A more sophisticated offering is a handsome wood chess game designed in 1923 in the Bauhaus style of form following function: The shape of each playing piece relates to its movement on the board. The set, which is represented in the New York Museum of Modern Art's permanent design collection, is sold for $165 (chess pieces); the board is priced at $65.

Collectibles represent another category of adult toy: model airplanes, train sets, porcelain dolls and teddy bears, new and old. Prices are as varied as the collectibles themselves. Vintage glass or clay marbles start from $5, while a 58-inch-long replica of a 1930s dirt track racer from Hammacher-Schlemmer goes for $6,500.

Card collecting, long a popular pastime with kids, is catching on with adults as well. Just as youngsters today gather baseball and ninja turtle cards, adults now have the opportunity to collect a slicker and more esoteric variety. A British gallery owner commissioned 56 contemporary artists to create original artwork for a set of cards that some people have found so appealing that they have had them framed. They are available from FLAX for $16.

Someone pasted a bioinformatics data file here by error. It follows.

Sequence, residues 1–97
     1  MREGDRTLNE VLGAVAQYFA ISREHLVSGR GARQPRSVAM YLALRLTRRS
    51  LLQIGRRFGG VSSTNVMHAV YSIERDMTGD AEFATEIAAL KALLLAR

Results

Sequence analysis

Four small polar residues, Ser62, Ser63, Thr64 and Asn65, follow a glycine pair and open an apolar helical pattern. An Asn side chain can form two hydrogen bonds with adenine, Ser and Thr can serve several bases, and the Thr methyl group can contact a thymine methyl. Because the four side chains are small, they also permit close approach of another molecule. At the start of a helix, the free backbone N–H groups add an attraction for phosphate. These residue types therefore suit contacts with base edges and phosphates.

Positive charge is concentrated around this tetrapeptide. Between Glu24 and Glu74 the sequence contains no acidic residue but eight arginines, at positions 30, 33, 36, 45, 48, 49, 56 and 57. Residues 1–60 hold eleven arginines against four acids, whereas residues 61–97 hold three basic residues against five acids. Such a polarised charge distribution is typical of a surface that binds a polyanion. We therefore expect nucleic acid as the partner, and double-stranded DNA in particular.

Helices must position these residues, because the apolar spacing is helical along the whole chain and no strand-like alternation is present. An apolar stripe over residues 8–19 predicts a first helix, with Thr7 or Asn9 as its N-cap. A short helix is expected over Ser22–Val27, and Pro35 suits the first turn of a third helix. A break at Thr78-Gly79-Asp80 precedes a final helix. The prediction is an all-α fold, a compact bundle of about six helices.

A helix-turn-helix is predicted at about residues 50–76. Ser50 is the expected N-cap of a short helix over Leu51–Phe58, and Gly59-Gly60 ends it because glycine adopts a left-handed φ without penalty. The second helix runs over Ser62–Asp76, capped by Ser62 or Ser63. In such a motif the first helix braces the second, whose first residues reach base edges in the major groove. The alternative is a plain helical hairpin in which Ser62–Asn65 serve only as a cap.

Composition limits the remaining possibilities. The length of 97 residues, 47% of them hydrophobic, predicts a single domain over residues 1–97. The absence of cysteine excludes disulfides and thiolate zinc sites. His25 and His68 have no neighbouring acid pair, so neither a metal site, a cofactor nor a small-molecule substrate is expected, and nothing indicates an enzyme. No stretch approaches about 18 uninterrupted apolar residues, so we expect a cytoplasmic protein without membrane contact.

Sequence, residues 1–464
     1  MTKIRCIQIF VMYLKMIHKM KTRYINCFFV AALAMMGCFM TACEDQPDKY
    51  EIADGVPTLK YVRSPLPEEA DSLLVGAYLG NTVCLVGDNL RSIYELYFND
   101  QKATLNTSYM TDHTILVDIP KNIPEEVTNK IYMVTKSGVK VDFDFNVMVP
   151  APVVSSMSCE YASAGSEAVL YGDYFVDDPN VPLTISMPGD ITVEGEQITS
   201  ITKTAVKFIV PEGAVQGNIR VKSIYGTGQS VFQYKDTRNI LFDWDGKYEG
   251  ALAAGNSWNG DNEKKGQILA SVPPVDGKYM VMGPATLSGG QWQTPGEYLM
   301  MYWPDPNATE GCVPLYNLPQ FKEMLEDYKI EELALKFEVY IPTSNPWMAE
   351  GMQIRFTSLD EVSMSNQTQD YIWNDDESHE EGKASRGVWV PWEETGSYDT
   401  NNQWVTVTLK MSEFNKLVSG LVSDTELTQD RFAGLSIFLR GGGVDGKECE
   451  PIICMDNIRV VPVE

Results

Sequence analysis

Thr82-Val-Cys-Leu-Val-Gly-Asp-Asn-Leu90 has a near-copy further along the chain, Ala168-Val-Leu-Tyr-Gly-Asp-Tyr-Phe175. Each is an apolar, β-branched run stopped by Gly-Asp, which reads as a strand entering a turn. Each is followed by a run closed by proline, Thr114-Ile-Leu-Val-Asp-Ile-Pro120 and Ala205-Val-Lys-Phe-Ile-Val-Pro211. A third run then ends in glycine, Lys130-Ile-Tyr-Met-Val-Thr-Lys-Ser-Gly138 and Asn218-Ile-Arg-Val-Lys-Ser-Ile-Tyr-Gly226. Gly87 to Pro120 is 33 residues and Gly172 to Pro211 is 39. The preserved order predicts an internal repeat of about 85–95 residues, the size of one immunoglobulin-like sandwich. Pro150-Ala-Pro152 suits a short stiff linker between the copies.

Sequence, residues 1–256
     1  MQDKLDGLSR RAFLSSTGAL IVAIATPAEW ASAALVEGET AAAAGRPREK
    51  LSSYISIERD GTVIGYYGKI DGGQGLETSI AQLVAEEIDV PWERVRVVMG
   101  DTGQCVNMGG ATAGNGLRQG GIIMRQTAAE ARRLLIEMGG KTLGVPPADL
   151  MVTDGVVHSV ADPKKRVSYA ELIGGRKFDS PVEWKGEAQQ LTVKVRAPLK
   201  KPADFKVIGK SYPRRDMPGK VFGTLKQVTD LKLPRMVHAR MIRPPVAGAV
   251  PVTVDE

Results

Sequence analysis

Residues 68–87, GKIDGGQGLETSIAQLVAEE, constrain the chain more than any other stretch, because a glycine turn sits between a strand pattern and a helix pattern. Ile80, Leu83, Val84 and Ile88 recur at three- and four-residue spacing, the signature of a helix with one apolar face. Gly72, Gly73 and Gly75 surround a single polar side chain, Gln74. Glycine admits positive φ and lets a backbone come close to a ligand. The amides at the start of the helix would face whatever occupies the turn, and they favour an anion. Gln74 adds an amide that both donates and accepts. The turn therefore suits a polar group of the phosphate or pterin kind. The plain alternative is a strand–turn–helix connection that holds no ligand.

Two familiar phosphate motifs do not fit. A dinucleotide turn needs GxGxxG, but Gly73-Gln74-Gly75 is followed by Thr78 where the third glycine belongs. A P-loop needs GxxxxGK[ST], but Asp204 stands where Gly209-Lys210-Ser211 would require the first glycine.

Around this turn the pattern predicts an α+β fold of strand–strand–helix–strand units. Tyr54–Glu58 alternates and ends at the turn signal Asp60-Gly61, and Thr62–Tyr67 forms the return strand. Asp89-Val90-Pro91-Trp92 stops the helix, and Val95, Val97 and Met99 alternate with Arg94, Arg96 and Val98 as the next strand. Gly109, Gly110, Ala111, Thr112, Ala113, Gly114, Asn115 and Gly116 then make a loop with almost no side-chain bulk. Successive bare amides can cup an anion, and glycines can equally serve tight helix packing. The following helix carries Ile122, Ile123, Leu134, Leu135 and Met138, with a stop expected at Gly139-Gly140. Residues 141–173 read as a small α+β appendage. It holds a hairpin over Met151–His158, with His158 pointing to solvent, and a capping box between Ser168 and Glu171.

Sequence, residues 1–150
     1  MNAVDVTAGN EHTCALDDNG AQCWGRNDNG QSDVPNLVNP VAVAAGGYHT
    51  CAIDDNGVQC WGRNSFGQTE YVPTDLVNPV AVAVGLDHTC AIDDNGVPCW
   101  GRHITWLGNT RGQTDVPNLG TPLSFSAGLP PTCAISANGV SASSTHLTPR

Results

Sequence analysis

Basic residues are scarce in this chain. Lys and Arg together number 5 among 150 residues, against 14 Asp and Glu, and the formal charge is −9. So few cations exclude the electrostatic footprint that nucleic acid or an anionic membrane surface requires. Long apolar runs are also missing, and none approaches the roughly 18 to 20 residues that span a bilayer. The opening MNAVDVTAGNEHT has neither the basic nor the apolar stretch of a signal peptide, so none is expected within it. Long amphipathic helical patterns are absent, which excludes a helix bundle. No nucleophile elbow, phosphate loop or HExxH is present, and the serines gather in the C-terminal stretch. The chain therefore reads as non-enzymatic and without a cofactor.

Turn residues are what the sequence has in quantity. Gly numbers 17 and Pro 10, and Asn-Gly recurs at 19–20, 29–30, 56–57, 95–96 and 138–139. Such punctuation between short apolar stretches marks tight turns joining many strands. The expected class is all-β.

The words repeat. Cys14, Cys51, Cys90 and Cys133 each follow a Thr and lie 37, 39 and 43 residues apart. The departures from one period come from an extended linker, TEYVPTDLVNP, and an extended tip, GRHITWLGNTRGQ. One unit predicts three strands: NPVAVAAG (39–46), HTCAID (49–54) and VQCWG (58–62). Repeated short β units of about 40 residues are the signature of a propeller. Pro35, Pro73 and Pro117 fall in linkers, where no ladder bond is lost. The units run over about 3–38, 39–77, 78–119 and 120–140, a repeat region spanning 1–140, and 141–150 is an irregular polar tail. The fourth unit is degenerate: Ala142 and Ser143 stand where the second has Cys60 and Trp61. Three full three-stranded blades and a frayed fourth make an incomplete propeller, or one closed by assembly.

Or you might build a house of cards from a colorful deck designed by noted architects and furniture designers Charles and Ray Eames in 1952, and reissued several years ago by the New York Museum of Modern Art. Each card has six slots for interlocking into a variety of shapes. They are $18 from Chiasso.

Another way to experience the simple enjoyment of color and pattern is with kaleidoscopes. The seemingly infinite variety of patterns formed are just as we remember from the inexpensive cardboard versions from childhood. What has changed in kaleidoscope design is that the housing may be as spectacular as the images themselves, ranging from colorful hand-marbled paper cylinders to handsome wood with brass trim or even leaded glass.